The Los Angeles Clippers have had a relatively quiet summer thus far. Since the NBA free agency officially started on July 10 and the restriction on signing players to contracts was lifted, the Clippers have addressed two needs by signing point guard Jordan Farmar and backup big man Spencer Hawes.
With regards to his change of address and team, Hawes commented:
“Even taking a little less money, this opportunity was too exciting to pass up. I’ve had a taste of the playoffs before, but being a part of this team will be just incredible. You get to a point where you really realize what’s important, and I was thinking: ‘What would my 12-year-old self have done? What would he prioritize?'”
It was this opportunity and what they’re building with the Clippers.
Although the Clippers possessed the league’s best offense (in efficiency) last season, their work isn’t done. They’re not finished making moves by a long shot; however, a lingering need to fill small holes doesn’t necessarily mean Doc Rivers and company will be hasty and impulsive.
They’re faced with the harsh truth of needing to upgrade the roster to compete in a Western Conference Finals next season, however slow and steady is the key.
Signing Hawes with the mid-level exception pushed the Clippers to the cap, and as a result they don’t have much wiggle room left. Although most of the world’s attention has shifted to LeBron James and the Cleveland Cavaliers, there are still a few key free agents the Clippers can zero in on and secure with a veteran’s minimum or through trade.
There’s too much incentive for free agents to move out west. Hollywood, sunshine, warm weather and the major market that L.A. is all makes the Clippers an attractive destination.
Never mind that the future of the franchise itself is currently in the middle of a tug of war in the Los Angeles courts. At the moment, that’s not important.
Devoid ownership status, the Clippers is still a hotbed for free agents, and there are holes remaining that Rivers and his crew will need to address (preferably) before training camp.
First, the Clippers will need a backup big off the bench who’s capable of emulating DeAndre Jordan‘s effort on defense. Long arms are key here, and a love for the defensive end of the floor.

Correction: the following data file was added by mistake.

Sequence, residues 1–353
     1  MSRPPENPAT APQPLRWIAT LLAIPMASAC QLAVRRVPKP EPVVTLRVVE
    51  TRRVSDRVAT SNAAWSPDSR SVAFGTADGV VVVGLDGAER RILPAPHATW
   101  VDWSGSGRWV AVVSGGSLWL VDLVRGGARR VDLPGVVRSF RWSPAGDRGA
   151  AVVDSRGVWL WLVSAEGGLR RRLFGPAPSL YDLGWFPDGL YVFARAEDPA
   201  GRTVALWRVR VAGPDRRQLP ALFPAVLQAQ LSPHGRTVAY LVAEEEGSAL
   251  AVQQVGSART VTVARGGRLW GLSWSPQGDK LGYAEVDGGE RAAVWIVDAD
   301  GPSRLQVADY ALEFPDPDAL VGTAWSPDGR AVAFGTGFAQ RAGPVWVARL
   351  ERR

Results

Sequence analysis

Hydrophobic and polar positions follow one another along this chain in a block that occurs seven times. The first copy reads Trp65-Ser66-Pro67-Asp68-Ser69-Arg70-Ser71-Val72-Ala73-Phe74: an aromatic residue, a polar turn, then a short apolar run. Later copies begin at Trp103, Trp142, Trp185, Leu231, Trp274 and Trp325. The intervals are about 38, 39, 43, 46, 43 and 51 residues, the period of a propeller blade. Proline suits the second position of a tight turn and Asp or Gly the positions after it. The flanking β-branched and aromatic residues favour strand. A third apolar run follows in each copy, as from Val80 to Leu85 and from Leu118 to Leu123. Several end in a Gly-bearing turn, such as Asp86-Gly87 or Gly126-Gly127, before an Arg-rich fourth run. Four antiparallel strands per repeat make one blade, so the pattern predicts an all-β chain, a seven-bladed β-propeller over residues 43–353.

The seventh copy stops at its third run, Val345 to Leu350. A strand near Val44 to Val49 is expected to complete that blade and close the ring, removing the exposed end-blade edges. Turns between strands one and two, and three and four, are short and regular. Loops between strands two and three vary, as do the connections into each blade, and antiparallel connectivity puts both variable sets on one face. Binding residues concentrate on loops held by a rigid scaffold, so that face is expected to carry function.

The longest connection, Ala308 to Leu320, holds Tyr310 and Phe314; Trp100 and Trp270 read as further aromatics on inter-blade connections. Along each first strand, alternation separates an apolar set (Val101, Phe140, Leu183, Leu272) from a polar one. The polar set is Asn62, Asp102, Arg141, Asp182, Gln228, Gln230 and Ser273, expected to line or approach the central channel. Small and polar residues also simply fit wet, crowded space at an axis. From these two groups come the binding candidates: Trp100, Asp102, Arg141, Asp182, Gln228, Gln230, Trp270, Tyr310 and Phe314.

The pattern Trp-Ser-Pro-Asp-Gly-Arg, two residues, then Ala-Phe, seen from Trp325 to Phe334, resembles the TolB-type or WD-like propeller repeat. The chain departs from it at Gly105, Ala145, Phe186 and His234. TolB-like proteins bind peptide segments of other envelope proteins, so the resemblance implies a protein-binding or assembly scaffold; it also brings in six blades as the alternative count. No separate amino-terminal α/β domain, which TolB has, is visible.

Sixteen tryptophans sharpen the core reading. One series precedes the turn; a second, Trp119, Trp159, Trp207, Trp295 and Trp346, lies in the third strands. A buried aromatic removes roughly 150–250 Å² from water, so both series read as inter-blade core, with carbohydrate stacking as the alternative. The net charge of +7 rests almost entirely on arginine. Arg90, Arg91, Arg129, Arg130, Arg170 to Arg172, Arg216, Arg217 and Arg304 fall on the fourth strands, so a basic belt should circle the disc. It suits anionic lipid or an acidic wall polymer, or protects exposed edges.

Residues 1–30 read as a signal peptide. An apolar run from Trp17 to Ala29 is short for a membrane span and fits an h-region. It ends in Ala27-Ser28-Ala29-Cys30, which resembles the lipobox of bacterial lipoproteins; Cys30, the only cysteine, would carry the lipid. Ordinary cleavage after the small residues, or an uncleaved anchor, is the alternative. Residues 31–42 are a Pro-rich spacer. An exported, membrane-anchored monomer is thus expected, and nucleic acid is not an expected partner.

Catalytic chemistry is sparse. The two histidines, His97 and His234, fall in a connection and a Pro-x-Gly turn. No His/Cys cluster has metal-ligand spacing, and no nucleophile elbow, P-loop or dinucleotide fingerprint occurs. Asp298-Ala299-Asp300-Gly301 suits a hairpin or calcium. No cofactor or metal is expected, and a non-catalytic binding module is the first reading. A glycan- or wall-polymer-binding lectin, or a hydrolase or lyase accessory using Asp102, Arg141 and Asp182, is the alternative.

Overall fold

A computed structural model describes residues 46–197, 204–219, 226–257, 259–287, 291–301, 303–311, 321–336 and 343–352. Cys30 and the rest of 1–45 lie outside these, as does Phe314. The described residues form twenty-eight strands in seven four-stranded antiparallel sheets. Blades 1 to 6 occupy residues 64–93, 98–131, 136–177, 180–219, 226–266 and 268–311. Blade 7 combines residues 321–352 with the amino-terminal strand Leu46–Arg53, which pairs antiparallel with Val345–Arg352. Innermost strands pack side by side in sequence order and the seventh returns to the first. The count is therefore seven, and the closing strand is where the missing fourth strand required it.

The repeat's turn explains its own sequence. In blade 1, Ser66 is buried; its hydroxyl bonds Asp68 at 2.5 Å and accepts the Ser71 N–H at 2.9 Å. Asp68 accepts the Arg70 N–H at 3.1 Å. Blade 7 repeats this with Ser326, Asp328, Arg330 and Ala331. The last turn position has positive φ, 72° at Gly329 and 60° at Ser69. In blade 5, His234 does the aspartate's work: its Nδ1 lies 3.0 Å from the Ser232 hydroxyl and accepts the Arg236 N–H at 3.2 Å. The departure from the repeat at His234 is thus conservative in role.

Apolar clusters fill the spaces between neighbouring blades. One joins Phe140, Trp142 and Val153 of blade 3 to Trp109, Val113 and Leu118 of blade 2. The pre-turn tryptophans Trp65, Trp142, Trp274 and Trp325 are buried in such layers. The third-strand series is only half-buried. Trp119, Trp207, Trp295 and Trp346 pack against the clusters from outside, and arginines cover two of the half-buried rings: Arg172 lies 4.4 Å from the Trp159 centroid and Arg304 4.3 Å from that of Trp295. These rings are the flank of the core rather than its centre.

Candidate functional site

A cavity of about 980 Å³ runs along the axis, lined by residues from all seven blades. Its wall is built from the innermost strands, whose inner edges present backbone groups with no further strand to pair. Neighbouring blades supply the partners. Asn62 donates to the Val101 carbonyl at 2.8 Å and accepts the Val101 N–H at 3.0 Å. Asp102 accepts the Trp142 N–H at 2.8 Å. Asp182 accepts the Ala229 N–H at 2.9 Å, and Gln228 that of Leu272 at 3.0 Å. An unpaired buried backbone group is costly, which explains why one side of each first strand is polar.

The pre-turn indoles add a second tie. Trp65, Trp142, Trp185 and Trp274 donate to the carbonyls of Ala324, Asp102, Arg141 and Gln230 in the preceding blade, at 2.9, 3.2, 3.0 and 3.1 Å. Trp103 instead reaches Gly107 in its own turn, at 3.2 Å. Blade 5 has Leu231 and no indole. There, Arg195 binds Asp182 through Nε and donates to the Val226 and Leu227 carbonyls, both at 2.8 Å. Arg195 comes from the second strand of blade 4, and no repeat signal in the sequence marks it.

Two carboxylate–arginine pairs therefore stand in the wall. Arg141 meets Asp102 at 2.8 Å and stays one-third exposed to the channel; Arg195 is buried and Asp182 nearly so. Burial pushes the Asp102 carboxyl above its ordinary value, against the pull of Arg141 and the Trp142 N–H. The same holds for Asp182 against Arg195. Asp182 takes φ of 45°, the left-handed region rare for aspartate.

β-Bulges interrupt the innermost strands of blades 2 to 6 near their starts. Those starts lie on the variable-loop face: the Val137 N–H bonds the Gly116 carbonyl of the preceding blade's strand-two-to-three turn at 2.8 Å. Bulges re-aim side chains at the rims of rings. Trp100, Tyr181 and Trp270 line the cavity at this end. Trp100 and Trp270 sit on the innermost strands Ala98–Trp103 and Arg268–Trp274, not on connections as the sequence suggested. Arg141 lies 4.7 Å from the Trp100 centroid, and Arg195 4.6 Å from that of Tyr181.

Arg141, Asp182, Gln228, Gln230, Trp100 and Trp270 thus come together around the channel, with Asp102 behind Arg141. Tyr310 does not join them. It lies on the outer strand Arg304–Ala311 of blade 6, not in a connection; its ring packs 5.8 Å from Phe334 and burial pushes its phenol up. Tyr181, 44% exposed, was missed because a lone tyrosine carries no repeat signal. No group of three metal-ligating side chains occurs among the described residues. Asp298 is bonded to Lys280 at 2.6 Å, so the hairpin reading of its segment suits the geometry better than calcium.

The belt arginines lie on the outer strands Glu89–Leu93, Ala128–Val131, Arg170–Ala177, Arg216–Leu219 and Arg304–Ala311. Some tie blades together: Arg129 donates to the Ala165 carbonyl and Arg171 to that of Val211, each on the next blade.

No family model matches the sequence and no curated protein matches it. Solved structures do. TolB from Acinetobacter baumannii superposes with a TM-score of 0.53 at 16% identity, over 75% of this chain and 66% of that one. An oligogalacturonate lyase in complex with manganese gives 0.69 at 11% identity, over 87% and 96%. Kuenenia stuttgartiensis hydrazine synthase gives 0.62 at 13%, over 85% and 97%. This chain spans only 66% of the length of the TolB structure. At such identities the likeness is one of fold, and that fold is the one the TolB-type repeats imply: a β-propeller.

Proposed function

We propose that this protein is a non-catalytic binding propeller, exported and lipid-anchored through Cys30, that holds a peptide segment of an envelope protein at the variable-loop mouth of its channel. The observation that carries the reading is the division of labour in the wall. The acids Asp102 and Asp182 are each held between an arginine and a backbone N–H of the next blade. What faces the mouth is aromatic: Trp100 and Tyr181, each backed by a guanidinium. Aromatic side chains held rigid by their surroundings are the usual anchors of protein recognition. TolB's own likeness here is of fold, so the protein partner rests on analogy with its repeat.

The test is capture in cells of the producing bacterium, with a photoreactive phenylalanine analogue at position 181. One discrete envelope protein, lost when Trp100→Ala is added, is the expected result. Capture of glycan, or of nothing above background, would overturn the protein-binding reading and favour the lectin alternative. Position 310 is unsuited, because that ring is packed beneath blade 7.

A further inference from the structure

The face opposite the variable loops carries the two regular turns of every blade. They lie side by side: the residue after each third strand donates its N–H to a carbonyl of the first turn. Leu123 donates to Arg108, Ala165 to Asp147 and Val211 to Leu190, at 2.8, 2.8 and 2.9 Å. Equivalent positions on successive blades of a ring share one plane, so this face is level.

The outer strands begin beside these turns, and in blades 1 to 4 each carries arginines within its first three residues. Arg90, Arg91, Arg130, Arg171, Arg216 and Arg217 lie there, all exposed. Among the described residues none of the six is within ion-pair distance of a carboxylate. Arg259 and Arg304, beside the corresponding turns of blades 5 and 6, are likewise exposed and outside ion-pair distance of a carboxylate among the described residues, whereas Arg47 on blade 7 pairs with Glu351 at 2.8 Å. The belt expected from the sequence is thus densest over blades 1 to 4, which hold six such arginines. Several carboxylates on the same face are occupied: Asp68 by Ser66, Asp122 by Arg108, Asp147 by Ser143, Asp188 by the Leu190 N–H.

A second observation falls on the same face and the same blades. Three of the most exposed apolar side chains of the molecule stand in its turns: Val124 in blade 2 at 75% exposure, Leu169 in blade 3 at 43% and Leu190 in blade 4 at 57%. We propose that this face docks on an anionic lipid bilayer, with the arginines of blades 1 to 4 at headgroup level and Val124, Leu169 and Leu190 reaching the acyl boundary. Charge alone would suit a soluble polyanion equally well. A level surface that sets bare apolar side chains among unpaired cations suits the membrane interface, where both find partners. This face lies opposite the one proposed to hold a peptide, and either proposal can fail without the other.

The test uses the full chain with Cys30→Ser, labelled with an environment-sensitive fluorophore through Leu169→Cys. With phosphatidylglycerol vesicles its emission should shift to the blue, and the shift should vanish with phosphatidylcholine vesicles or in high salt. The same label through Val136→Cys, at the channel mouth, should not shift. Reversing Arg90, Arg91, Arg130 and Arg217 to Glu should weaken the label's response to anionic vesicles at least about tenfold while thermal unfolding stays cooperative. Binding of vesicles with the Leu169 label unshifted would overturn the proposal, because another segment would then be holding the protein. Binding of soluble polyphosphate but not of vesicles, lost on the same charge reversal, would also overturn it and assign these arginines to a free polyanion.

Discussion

Names like Ed Davis or Epke Udoh come up when you think of big men who are capable of holding down the paint in relatively low minutes. Neither Davis or Udoh roll off the tongue comfortably, and neither has garnered much respect in the league thus far.
However as Blake Griffin and Hawes will fill up the scoring column for the Clippers, the team will need another big whose concentration lies on the defensive end of the floor. The Clippers struggled to get stops late in games (especially the postseason).
A second big man will toughen up the paint, and help the fast gunning team get into transition offense.
Next, the Clippers will need a lock-down defender. There’s two ways to accomplish this upgrade: via trade or direct signing from free agency.
One guy who might be up to the task is Chris Douglas-Roberts, who last played for the Charlotte Hornets (previously known as the Bobcats) and was a thorn in the opposition’s side in every contest. His athleticism, long wing-span, quick feet and ability to get off the floor makes him a great fit for Rivers’ defense.
The Clippers D relies on quick rotations and team work, which makes everyone accountable from point guard to center. His offensive game hasn’t been the juggernaut many believed it would be due to his athleticism, but as a defensive presence to bother the likes of Kevin Durant or Kawhi Leonard, the Clippers would improve drastically with Douglas-Roberts in the lineup.
Another aggressive defender that would be great is Lance Stephenson. In his fourth year, “Born Ready” averaged 13.8 points and 4.6 assists.
The 23-year-old 6-foot-5, 230 pound guard brings a lot to the table. Although he’s been labeled the “head-case” in Indiana, he’s still a triple double machine. As a Doc Rivers project, Stephenson could mature into the role that nets him his first All-Star appearance and wills the Clippers past teams that have strong wing play.
Acquiring Stephenson would require a sign and trade with the Pacers, being that the Clippers have already eaten the majority of their cap space.
A trade for Stephenson would likely require Jamal Crawford, young guard Reggie Bullock and some combination of Matt Barnes or Jared Dudley. A small price to pay for the hard-working stat-stuffer that is Stephenson.
Regardless of the direction the Clippers move in, they’ll need to address these issues to claim what most feel is their destiny — a Western Conference Finals berth. Adding these core elements are key to moving in a positive direction and propelling the team into title contention.